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February 2, 2022

The cost to defend a lawsuit or resolve pre-litigated matters under the Private Attorneys General Act (PAGA) has often led to bankruptcy for many California employers, a trend that has risen in recent years. In their Daily Journal article, “Reason for Improved Outlook to Mitigate PAGA Claims in 2022,” Senior Employment Counsel Corinne Spencer and Attorney Antwoin Wall explore this trend and some potential hope for change on the horizon.

While PAGA was initially implemented to help allow employees to regulate and enforce labor codes, the application has failed to improve employer practices and PAGA claims have skyrocketed for a variety of reasons that are unrelated to legitimate violations.

“Employees cannot waive their right in an arbitration agreement to bring PAGA claims, thus creating litigation challenges for employers,” the attorneys explain. PAGA also allows for attorney fees, causing most employers to settle to avoid expensive litigation.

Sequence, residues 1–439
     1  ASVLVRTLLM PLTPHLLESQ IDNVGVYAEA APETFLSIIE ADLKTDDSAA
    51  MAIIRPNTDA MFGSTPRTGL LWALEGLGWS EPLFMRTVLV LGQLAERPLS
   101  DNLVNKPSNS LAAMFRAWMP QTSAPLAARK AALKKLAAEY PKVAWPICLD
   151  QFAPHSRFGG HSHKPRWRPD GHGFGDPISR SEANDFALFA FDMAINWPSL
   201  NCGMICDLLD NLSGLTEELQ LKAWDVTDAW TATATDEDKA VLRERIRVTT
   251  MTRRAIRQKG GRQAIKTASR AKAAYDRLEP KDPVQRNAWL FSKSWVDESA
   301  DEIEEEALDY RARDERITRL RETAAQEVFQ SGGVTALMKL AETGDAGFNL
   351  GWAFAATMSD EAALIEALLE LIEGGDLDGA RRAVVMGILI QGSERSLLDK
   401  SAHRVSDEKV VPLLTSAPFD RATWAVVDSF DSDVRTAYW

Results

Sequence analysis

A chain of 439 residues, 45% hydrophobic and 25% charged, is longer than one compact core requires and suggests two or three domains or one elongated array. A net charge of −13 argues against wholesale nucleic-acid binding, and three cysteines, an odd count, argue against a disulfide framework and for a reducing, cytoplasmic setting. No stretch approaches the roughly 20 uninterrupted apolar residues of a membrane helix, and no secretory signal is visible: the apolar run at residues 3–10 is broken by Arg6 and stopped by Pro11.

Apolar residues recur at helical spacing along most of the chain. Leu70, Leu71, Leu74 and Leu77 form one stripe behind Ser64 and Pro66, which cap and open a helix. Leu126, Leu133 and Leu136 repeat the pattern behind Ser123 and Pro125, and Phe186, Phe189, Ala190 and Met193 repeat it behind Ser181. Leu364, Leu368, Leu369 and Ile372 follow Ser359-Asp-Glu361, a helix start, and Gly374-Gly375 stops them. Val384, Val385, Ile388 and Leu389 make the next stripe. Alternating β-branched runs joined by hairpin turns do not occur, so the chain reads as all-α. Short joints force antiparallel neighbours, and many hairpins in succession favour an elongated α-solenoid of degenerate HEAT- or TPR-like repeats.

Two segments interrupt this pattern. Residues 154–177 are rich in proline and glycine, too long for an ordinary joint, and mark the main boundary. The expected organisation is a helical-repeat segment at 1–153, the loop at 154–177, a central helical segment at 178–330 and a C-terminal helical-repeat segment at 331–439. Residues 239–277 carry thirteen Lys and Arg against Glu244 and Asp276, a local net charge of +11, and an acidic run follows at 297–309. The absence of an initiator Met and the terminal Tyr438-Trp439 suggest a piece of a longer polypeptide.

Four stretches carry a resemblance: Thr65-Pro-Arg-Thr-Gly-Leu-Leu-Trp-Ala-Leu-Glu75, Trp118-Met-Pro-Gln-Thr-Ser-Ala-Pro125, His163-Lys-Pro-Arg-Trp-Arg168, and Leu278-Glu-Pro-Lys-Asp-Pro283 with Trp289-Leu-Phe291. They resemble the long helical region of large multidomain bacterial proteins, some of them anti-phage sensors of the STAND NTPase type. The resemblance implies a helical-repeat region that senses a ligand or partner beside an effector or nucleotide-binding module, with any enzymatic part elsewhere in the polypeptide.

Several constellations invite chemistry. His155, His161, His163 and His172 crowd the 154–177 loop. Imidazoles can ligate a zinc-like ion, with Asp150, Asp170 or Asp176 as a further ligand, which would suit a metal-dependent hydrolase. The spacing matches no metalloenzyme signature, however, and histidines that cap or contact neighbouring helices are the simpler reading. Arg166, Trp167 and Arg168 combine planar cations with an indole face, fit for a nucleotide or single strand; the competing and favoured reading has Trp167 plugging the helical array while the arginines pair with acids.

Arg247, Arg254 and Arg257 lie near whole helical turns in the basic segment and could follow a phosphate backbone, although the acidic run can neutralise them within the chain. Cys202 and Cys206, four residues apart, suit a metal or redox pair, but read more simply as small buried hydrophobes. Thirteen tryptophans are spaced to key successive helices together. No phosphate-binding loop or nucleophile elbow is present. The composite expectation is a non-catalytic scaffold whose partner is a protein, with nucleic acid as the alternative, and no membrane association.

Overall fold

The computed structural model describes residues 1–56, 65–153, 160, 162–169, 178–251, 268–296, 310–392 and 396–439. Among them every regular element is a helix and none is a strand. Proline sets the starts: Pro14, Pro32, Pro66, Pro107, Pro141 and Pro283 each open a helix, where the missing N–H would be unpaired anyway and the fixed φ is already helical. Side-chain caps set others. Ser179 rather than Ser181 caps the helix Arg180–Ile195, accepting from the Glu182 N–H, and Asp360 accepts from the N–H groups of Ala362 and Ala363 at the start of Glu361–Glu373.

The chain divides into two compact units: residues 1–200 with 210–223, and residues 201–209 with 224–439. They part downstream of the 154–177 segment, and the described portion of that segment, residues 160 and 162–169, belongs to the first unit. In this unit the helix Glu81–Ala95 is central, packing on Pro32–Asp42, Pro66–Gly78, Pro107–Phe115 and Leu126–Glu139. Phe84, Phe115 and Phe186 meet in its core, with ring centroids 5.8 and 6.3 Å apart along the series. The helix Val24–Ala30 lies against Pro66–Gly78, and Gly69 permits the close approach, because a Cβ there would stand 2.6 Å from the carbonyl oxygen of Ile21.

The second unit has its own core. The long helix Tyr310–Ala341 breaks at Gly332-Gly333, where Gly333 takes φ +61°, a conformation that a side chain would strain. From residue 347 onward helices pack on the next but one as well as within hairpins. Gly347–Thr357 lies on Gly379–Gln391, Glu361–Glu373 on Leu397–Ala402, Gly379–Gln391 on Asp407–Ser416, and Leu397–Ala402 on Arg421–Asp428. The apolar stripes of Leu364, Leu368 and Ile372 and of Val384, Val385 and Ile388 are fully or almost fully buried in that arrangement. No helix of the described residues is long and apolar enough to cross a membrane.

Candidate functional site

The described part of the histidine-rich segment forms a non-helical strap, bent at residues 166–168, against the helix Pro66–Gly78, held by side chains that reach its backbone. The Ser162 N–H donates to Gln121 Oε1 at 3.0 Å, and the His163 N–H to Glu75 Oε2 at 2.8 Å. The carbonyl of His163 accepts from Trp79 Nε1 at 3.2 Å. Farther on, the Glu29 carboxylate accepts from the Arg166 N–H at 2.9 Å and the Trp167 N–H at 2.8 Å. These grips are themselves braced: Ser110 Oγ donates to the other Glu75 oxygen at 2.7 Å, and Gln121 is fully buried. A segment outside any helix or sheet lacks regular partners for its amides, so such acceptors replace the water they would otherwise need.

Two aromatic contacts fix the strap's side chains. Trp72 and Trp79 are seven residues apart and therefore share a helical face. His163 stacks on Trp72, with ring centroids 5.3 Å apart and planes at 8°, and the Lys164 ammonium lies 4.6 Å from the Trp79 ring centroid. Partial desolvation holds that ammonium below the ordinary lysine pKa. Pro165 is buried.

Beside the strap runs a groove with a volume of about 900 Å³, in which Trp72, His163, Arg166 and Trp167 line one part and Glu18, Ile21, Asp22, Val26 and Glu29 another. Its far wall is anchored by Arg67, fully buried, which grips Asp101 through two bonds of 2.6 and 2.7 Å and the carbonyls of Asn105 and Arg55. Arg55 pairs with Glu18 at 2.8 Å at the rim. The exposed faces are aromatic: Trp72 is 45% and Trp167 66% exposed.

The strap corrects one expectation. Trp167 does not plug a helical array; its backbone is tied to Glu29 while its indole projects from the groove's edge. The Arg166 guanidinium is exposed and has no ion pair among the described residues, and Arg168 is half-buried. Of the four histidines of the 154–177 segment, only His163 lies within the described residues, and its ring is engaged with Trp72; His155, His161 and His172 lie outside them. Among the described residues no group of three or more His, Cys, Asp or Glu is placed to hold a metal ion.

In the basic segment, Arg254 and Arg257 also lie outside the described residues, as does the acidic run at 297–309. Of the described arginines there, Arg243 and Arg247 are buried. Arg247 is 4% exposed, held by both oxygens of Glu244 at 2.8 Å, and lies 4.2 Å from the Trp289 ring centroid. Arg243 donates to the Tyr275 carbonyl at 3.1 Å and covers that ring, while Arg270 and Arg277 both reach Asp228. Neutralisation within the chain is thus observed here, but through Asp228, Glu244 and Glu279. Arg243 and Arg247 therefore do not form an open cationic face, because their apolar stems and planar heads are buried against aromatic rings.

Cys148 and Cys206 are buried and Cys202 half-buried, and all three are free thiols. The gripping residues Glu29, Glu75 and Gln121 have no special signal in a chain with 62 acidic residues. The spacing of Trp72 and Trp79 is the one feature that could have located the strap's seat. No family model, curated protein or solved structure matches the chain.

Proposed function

Several business organizations have proposed the California Fair Pay and Employer Accountability Act (CFPEAA) for the 2022 ballot, which offers solutions to the shortcomings of PAGA. CFPEAA would eliminate the ability to pursue civil penalties via a representative action, and it would eliminate the ability for aggrieved employees to stand in the shoes of the Labor Commissioner and recover civil penalties through a representative action.

If you are interested in learning more on the realities of PAGA claims or the potential of CFPEAA, contact one of our attorneys here.

Read the full Daily Journal article here (subscription required).

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